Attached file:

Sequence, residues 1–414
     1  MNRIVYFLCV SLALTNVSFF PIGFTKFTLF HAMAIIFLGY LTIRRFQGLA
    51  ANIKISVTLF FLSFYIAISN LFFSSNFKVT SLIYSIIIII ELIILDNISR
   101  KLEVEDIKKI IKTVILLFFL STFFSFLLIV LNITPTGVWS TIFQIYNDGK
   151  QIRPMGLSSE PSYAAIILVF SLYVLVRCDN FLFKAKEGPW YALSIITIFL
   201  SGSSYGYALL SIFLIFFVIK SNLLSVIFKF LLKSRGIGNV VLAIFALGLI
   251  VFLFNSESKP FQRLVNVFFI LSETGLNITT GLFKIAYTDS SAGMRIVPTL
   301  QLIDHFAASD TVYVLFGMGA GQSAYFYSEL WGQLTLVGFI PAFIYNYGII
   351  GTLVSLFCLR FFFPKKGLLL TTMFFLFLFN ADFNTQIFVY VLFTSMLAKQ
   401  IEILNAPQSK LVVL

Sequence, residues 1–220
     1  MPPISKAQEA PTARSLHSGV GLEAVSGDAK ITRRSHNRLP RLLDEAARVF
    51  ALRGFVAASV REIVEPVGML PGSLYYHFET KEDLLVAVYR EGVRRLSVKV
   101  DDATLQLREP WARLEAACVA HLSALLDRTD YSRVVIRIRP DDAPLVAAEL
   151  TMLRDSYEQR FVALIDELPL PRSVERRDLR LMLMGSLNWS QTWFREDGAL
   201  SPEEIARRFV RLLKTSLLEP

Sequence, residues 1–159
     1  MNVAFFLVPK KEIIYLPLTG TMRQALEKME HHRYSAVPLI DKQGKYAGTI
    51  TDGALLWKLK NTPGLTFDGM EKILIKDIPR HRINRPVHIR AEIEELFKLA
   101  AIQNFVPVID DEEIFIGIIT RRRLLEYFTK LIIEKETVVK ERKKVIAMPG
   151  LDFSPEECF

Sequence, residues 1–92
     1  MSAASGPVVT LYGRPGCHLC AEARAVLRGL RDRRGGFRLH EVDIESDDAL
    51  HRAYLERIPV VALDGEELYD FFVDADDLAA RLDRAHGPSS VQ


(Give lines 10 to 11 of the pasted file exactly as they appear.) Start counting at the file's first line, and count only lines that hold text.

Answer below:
   401  IEILNAPQSK LVVL

Sequence, residues 1–220